Media Releases

Back to Media Releases

Have your say on Powerco’s proposal to spend $1.32 billion on its lines network

18 August 2017

The Commerce Commission has today released its Issues Paper for electricity distributor Powerco Limited’s (Powerco) proposal to increase its prices and change its quality standards to spend $1.32 billion on operating and maintaining its electricity lines network.

The paper sets out the key issues the Commission intends to focus on in its review of Powerco’s proposal, and invites consumers and interested parties to share their views.

In June 2017, Powerco applied to the Commission to increase its prices and change its quality standards to allow it to spend $1.32 billion, largely to replace and upgrade ageing assets and meet system growth demands. 

If accepted, Powerco estimates the cost it would be able to recover from its customers would increase a typical household monthly bill by about $3 to $4.

“We must satisfy ourselves that the proposal is for the long term benefit of consumers. That’s why it’s important for people to have their say to help shape our views,” Commission Deputy Chair Sue Begg said.

In advance of their submission, Powerco’s proposal was scrutinised by Farrier Swier Consulting, an independent verifier, who tested the assumptions underpinning forecast expenditure and energy demand. The verifier was satisfied that 91% of the proposed expenditure was reasonable. In response to the verifier’s work and feedback from its consumers, Powerco revised its proposal down by $74 million. 

“We have confidence in the quality of the verifier’s work after critically reviewing their findings, as well as the methods underpinning them. As a result, we are proposing to accept their findings and target our review on the areas the verifier suggests warrants further scrutiny,” Ms Begg said.

“We are also interested in feedback on the long-term price impact of the proposal on consumers. While the proposal is focused on the five years starting 1 April 2018, we want consumers to understand the proposed investment is likely to increase a typical household bill again after 2023.”

Submissions on the proposal close at 5pm on 22 September 2017. Submissions should be emailed to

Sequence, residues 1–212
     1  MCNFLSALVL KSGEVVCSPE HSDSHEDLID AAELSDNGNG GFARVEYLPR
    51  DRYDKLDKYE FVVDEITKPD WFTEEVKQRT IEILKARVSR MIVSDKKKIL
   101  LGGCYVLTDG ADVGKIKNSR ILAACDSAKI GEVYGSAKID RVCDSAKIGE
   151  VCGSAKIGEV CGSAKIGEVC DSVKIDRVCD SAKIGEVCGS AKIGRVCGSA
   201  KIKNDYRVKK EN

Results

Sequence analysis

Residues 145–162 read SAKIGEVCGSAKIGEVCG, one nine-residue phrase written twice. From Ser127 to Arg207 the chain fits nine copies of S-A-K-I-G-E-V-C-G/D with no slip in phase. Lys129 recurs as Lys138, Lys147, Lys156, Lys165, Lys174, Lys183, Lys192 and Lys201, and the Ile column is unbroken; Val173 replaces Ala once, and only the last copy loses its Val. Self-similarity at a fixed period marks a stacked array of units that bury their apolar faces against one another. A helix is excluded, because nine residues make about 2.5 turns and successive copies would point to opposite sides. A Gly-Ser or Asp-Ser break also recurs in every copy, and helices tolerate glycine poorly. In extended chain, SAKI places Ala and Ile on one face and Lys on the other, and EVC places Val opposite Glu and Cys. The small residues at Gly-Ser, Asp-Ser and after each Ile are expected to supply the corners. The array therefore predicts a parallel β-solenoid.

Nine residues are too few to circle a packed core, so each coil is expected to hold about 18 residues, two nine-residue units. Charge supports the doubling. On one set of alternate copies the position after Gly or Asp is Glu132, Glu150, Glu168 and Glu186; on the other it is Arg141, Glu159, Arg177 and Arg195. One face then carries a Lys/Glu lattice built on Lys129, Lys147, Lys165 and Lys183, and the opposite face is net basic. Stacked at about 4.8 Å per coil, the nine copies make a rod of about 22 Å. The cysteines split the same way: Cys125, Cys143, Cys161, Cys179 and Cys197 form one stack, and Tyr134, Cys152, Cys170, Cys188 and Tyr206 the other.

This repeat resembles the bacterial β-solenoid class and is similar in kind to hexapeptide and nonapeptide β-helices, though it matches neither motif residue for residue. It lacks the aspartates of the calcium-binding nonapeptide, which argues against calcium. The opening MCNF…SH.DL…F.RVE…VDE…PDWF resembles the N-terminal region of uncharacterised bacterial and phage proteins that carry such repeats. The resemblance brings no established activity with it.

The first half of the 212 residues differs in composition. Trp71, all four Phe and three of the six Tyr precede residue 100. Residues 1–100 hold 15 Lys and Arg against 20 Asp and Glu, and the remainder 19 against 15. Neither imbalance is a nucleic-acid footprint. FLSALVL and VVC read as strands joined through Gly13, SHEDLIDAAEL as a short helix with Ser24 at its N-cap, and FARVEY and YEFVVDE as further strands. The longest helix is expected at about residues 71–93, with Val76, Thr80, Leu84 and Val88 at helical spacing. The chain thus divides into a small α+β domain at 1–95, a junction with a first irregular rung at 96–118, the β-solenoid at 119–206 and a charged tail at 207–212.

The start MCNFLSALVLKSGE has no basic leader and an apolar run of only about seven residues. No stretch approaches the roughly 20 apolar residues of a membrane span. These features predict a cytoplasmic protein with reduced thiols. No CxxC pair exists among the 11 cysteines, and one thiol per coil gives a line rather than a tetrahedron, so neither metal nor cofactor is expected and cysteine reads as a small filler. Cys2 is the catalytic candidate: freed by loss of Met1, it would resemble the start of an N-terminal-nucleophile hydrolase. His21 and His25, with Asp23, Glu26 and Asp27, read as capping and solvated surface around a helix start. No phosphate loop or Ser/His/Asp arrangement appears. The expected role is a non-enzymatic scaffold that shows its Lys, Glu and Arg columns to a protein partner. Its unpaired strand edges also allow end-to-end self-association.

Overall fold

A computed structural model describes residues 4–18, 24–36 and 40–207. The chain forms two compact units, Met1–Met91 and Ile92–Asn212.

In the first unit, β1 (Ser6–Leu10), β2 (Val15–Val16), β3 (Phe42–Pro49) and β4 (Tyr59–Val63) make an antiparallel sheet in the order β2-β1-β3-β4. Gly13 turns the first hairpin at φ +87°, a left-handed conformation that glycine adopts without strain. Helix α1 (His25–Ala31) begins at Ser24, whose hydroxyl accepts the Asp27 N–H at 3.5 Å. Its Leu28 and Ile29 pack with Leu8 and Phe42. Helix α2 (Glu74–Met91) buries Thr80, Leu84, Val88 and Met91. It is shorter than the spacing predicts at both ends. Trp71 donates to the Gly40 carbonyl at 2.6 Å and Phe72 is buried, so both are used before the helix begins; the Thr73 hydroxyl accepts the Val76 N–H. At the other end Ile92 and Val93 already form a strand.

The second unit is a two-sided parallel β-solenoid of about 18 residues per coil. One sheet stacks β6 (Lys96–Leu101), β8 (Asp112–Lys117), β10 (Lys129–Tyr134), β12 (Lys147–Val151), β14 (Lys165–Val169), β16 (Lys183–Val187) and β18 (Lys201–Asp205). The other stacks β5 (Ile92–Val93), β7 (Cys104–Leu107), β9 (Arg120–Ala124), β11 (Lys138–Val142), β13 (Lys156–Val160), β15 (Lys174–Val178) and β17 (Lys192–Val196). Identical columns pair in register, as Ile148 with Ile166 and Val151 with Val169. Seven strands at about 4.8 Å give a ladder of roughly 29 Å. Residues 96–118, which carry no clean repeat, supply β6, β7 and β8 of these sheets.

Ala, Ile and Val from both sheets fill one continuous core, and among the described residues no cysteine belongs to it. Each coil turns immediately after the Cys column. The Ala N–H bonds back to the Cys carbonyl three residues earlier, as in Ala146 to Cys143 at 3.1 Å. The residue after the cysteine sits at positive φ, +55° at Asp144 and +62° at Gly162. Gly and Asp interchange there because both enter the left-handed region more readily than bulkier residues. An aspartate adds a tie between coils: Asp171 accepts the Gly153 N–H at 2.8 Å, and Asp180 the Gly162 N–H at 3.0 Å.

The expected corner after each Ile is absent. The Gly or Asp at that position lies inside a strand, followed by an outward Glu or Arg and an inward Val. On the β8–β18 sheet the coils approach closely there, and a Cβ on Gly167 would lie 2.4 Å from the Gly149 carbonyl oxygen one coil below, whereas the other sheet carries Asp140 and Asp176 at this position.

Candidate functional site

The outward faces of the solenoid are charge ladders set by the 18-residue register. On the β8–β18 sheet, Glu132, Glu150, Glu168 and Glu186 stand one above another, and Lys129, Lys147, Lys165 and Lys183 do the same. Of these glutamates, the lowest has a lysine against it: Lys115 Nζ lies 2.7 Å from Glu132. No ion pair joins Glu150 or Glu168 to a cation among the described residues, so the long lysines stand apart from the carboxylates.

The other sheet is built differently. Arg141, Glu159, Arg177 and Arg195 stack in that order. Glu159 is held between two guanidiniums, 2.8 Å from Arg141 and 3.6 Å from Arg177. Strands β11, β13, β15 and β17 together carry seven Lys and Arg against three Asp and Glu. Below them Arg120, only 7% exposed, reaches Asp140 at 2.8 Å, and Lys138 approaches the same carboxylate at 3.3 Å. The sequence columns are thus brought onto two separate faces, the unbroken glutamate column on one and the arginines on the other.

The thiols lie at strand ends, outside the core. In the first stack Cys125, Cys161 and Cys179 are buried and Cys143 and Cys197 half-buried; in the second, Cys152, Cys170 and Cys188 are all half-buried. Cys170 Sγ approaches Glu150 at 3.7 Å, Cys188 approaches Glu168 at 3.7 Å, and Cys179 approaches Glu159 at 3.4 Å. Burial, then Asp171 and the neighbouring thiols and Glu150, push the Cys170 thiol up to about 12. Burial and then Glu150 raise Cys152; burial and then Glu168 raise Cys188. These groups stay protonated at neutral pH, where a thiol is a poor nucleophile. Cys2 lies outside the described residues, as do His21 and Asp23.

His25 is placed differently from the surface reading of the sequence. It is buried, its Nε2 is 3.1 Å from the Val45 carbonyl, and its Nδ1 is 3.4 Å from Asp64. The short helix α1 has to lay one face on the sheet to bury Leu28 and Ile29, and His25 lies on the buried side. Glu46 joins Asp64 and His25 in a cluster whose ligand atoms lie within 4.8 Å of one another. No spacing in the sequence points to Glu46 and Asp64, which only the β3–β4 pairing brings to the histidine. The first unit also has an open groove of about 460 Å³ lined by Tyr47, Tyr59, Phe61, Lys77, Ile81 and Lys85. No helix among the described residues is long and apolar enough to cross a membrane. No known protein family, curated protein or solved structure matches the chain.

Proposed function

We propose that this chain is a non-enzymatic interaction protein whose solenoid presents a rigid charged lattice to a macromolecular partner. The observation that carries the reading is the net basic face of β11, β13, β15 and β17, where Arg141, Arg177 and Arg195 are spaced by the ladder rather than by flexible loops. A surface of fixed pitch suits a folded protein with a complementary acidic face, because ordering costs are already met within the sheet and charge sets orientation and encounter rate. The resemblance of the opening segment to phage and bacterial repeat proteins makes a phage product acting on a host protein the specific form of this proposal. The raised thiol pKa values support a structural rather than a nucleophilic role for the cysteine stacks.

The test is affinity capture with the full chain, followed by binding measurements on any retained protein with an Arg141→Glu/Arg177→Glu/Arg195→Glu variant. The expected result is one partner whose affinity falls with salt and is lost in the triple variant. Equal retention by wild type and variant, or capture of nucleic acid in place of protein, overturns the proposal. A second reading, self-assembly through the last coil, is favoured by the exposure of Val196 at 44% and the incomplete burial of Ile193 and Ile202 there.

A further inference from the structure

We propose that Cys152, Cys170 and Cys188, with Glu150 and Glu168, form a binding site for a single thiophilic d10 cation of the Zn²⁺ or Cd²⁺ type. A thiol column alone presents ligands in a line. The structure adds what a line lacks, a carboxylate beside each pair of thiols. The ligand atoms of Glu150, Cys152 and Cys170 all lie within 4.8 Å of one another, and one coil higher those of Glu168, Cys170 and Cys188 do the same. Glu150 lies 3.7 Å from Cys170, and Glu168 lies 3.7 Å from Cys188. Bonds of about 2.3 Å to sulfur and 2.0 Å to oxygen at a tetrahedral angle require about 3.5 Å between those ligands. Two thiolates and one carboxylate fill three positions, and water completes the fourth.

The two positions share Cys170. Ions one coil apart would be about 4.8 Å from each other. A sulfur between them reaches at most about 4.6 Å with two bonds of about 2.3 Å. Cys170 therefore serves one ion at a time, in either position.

The Issues Paper and Powerco’s proposal are available on our website, along with a fact sheet explaining customised price-quality regulation for EDBs. 

The Commission intends to release its draft decision by 17 November and final decision by the end of March 2018.



Powerco is an electricity distributor who owns and operates a network of power lines that deliver electricity to consumers from the national grid. Powerco’s network connects to more than 320,000 homes and businesses in Manawatu, Whanganui, Taranaki, Tararua, Wairarapa, Coromandel, Eastern and Southern Waikato, and Western Bay of Plenty. As the only electricity distributor in those regions, the Commission regulates the maximum prices Powerco can charge and minimum quality standards it must meet.

Currently, Powerco’s maximum prices and minimum standards are set through a default price-quality path (DPP), which applies to 19 electricity distributors across New Zealand. However, Powerco has applied for a customised price-quality path (CPP). Under a CPP the Commission can take into account the specific circumstances of the individual business to determine a new set of prices and quality standards.

Customised price-quality paths (CPP)

The Commission made significant changes to the rules around CPP applications as part of its input methodologies review, completed last year. These focused on streamlining the application process, consistent with improving confidence in the process for future applicants, and recognising that CPPs may well be in the interests of end consumers (eg, where significant extra investment is required because a high proportion of network assets are nearing the end of their lives).